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Toe Snapping


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I've never seen anything about this. I have this nervous thing I do. I snap my right big toe with the toe next to it. Over and over again, constantly. I wasn't even aware of it till people would stop during a conversation and say "what's that noise?" and it was the sound of my toe pop pop popping against the inside of my shoe.

It first was pointed out to me about a year after I started taking Effexor, in the early 90s. My mother said she'd once read something about this being related to Effexor, but she couldn't remember where and I've never seen anything on it. So, I've been continually snap snap snapping my toes (always the same big toe on the right side and the toe next to it) since then. Well, with one interruption that is...

Earlier this year, I titrated off Effexor and on to Cymbalta. Did not help my depression, nor did it effect the toe popping. However, since September I have been titrating up on Lamictal, and down on Cymbalta (now on 175 Lamictal and virtually zero Cymbalta, only 7.5 a day). For a few weeks -- miracle of miracles -- the toe popping stopped! Alltogether. Just -- boom -- it was gone! In the last week, around the same time I felt myself slipping back into a slight depression, the toe popping started up again.

Has anyone ever heard of this? More than likely I'm BPII, though we're still not sure exactly where on the spectrum I fall. Is this a BP symptom?  Edited to add: Or even an SE of Effexor and/or Cymbalta? Can I expect it to go away again with the Lamictal as I titrate up?Or???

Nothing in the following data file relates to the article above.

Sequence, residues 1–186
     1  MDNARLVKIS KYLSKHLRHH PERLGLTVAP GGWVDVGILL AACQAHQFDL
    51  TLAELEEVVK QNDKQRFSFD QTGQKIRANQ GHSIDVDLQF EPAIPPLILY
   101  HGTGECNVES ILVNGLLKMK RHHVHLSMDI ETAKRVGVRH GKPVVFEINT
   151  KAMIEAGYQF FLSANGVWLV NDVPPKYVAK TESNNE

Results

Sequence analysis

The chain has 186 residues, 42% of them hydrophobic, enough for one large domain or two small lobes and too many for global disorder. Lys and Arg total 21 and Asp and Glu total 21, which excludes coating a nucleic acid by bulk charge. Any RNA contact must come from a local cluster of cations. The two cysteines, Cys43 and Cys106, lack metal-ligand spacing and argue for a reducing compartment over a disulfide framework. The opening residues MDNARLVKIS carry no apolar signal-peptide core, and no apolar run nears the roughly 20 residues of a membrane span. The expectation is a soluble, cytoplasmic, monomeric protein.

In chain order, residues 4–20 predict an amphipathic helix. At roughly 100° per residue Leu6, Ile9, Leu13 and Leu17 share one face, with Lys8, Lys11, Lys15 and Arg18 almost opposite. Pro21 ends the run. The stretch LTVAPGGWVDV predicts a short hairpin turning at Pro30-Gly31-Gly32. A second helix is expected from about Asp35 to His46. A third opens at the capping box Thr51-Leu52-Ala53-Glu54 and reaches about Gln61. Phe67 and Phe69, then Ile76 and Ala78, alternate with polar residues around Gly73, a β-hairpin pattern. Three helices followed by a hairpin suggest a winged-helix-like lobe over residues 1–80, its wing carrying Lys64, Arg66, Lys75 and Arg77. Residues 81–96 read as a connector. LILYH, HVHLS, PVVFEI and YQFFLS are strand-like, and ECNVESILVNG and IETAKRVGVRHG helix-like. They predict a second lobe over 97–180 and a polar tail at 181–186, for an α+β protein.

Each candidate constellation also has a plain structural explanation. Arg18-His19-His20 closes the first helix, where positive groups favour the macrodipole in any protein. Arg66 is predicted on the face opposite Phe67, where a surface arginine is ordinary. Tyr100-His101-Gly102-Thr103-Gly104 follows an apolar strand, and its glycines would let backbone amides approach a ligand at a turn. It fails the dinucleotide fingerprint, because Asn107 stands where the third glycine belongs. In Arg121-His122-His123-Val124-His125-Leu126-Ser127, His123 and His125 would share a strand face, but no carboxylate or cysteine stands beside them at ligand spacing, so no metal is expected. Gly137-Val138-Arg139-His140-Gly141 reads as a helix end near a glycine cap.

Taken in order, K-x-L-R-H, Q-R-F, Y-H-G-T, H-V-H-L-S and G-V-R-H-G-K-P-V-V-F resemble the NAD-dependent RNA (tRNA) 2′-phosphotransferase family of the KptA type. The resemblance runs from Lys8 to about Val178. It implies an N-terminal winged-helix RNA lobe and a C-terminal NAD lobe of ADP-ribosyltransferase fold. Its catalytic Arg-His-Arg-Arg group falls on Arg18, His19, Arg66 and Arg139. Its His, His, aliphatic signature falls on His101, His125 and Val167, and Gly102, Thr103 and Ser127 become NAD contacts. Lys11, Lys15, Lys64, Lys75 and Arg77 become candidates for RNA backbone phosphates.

It's very annoying, both for myself and others around me. Not that this is the most important aspect of MI, by far...but I would love for it to stop.

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I've got a ton of books on BP and toe snapping isn't even hinted at.

On the other hand, every Pdoc in the world would love to have a firm and reliable diagnostic indicator for BP:  Toe snapping!  Perhaps right feet are BPII and lefties are BPI.    ;)   ok just being silly.

Could you add some castanets and make it big on American Idol?

A.M.

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Kind of sounds like a "fidgety" thing rather than a symptom. Some people tap their feet.. some wring their hands... maybe you just snap your toes. I would expect the toe popping to stop, not as you increase your meds... but as you decrease your symptoms of mania and depression.

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Revlow,

It could have to do with a form of akathesia, for lack of a better word.  I have tended to foot tap, jiggle, drum my fingers, ball up bits of fabric and so forth since childhood.  Effexor kicked that tendency into high gear. Wellbutrin has the same effect, although to a lesser degree. I am a complete rhythm section in my car when I have the windshield wipers going. My guess is that there is something that sets off this type of repetitive behavior and then, from there, it becomes habitual and self-soothing, like thumb sucking, hair sucking, or nail biting.

Just my wild ass guess.

Greeny

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Thanks, SerraGeorge and Greenyflower.

I was never aware of other jittery tics till this one reared its ugly head. I have always tended to be nervous and wired (even though I was always depressed and exhausted). What I've always called "tired but wired". I suppose I had this just waiting to come out, and then the Effexor set it off?

I really can't say how long after I started taking Effexor this toe popping actually started. I'd been a hermit, and the 1st time I became aware of it was on the 1st date I'd had in forever, when my date said "What's that noise?" That's why I say I noticed it about a year into the Effexor, because that's around when the date occurred. But who knows how long it had been going on? I just never was aware of it. And of course, the more I got out in the world the more I got asked that question. Over and over again.